Badrutt's Palace, St Moritz, Switzerland: Soaking in the summer at Switzerland's glitzy alpine resort

Jetsetters flock to this glitzy Swiss alpine resort in winter but the high life is just as swell under the summer sun, writes Katrina Lobley.

St Moritz's grandest hotel knows how to put on a welcome. Badrutt's Palace, which can be spotted from miles away, thanks to its landmark tower and turrets, has sent a chauffeur to meet me off the train. I imagine that he's outside, waiting beside the Rolls. But no – as my train slides into the station, I spy Giuseppe Pini on the platform holding a timber-framed, tower-topped sign featuring my name, printed out as large as you please in a graceful serif font. 

The hotel is renowned for its fleet of Rolls Royce cars, which includes a 1968 Phantom that once belonged to the British royal family. The cars spend all day shuttling guests to and from the station (and Engadin​ airport, 10 minutes' drive away) but they still cause heads to swivel.

Pini swings open the Rolls' rear-hinged back door – commonly known as a suicide door but the manufacturer prefers "coach door", if you please. It means you can pretty much dive straight onto the leather seat. I dive, buckle and settle, waiting for my luggage to be loaded. People on the footpath stare right at me, probably wondering how I managed to score such a luxe ride. Where is one supposed to look while under such scrutiny? C'mon driver, hurry up and get me out of here.

At Badrutt's I'm ushered to a sixth-floor room with lofty views over oval-shaped Lake St Moritz – when frozen, it hosts polo matches and horse races. A humidifier is activated to counteract the dry air at this (1865-metre) altitude and the  television is piping a hotel-curated soundtrack, with Louis Armstrong crooning "Heaven, I'm in heaven …" and I can't disagree with that. If I lean out over the balcony and look left, I can just make out the Hotel Muottas Muragl, accessible  only by funicular. That's where I intend to head for sunset.    

Firstly, I swing through the corridors with the hotel's Lars Wriedt. Between antique chests and paintings is the odd single chair, placed outside some doors for guests' "people" (security guards, nannies, butlers, assistants and the like). We peek into the corner suite that Alfred Hitchcock favoured and another suite that's hiding a safe as big as a suitcase. "It's good if you want to pay in gold bars," jokes Wriedt.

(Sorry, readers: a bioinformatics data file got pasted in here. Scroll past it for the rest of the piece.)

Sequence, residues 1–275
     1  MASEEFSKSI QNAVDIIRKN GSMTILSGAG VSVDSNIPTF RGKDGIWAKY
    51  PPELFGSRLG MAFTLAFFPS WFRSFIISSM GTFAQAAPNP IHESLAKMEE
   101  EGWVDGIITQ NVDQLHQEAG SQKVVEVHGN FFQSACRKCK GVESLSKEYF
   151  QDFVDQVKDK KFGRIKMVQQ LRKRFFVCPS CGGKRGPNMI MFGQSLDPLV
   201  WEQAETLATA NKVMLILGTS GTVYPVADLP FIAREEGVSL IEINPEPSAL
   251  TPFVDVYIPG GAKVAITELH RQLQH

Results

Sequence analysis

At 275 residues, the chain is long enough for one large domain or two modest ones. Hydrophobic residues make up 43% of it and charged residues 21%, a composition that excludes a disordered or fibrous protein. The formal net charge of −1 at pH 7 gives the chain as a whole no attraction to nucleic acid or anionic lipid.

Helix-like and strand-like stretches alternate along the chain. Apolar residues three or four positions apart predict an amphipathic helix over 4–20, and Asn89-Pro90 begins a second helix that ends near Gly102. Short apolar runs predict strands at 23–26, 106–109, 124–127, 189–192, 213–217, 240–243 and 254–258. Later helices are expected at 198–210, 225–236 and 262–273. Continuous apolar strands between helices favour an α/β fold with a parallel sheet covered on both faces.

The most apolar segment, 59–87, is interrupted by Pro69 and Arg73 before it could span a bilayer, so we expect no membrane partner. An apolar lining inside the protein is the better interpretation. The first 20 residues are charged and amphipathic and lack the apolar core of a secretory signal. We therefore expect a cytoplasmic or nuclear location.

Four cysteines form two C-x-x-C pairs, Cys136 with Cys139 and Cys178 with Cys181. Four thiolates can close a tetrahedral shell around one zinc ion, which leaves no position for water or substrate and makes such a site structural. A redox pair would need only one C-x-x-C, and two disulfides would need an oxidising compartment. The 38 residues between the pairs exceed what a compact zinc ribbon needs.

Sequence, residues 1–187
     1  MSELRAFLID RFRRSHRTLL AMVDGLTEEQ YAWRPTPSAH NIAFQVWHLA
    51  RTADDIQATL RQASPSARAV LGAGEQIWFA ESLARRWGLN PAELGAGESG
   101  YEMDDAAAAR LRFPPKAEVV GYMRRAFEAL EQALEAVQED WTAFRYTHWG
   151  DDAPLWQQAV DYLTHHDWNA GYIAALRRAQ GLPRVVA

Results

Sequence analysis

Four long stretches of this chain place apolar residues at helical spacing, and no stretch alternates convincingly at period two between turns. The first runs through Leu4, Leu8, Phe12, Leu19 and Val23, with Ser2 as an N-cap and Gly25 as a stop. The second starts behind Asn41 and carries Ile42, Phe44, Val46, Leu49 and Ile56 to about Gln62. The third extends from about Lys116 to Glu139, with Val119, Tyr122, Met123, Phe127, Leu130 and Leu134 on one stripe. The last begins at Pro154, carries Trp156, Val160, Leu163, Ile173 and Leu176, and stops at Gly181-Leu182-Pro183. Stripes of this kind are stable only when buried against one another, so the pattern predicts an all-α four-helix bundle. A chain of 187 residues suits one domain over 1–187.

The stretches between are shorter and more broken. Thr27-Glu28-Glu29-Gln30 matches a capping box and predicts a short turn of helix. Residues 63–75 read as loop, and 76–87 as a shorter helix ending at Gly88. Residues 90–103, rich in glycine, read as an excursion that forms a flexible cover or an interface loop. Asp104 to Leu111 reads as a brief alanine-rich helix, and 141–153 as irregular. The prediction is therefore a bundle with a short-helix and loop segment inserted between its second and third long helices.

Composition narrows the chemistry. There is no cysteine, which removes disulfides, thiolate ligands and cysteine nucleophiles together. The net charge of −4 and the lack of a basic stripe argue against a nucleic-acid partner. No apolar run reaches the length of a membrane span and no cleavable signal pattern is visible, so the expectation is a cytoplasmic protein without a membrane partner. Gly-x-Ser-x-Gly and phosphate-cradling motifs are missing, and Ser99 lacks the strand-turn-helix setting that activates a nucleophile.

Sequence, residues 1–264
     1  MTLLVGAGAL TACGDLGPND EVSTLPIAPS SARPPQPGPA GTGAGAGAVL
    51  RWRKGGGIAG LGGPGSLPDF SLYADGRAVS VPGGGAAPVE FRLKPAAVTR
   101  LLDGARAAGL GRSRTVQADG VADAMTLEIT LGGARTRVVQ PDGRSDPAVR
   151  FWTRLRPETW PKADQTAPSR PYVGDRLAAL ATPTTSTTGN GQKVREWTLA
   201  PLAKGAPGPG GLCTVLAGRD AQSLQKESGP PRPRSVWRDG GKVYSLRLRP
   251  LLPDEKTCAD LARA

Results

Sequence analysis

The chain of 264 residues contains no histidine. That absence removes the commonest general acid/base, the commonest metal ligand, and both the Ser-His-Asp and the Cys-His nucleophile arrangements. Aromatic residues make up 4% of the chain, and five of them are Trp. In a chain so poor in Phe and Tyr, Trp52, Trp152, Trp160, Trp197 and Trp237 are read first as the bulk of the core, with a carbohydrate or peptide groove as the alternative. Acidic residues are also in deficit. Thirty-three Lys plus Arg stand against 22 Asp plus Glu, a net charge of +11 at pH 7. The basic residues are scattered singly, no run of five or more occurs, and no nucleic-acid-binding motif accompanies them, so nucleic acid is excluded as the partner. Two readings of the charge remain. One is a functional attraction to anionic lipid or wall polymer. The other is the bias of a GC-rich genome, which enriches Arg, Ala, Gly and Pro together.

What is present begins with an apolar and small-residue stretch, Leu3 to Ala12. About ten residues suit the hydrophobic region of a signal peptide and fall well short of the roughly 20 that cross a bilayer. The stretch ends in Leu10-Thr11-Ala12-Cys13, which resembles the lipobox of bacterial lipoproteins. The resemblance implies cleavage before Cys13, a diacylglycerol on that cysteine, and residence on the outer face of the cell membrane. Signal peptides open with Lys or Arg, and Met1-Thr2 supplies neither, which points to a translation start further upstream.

Summer is St Moritz's secondary season; winter is when it really buzzes. That's when you won't find a spare table in Le Grand Hall, the hotel lobby known as "the living room of St Moritz". Staff almost double from 280 in summer to 520 in winter, and the in-house Nobu restaurant, Matsuhisa, opens its doors only for winter.  

Still, there are reasons aplenty to hit St Moritz in summer. If I had more time, I'd circumnavigate the lake and soak up the dramatic Engadin Valley scenery, or head to the neighbouring village of Celerina​ to pad over its three barefoot hiking trails. Instead, I'm ducking over to Samedan eight kilometres away (or two train stops) to soak in the country's first vertical spa. 

I have my heart set on a rooftop soak - only the weather is threatening to derail the plan. Dark clouds have swept in out of nowhere and as I head to the roof the first storm of the season strikes. The storm includes lightning so my open-air soak, right next to the clock tower of the attached church, is short-lived. I'm ushered to the monochromatic middle-level pools. Each is tiled a different colour with waters at varying temperatures and windows offer sneaky views over the village square. There are nooks and crannies, free-form lighting fixtures, a pleasing absence of brightness – until the lights go out completely, thanks to that raging storm. 

The weather clears by the time I return to Badrutt's and then later head off to the  Festival da Jazz. It's still twilight at 9pm as I wander past the town's 12th-century leaning tower and the Maserati dealership looking for the Dracula Club. The private club, with room for just 150 people, is on the grounds of the Kulm Hotel but it's not exactly easy to find - I ask for directions twice. Inside, bassist Kyle Eastwood (yes, son of Clint) is leading his five-piece through original compositions and classics such as Herbie Hancock's Dolphin Dance. People sit or sprawl wherever and I sneak a spot on the stairs, expecting to be moved out of the way. I'm not. Turns out anything goes in St Moritz – that's just the way it swings.    

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TRIP NOTES

MORE INFORMATION

myswitzerland.com 

GETTING THERE

Fly to Singapore with Qantas or British Airways; transfer to Swiss and fly direct to Zurich. It takes about 3½ hours by train from Zurich airport to St Moritz in southern Switzerland. See qantas.com.au; ba.com; swiss.com; sbb.ch.  

STAYING THERE

Badrutt's Palace opens only during winter and summer, with single rooms from $425 a night and doubles $550. See badruttspalace.com.

SEE + DO

Entry to Samedan's vertical mineral baths costs $55; see mineralbad-samedan.ch. The annual Festival da Jazz, which includes free and ticketed concerts, runs from early July to early August; see festivaldajazz.ch.

The writer was a guest of the hotel, Festival da Jazz and Switzerland Tourism.

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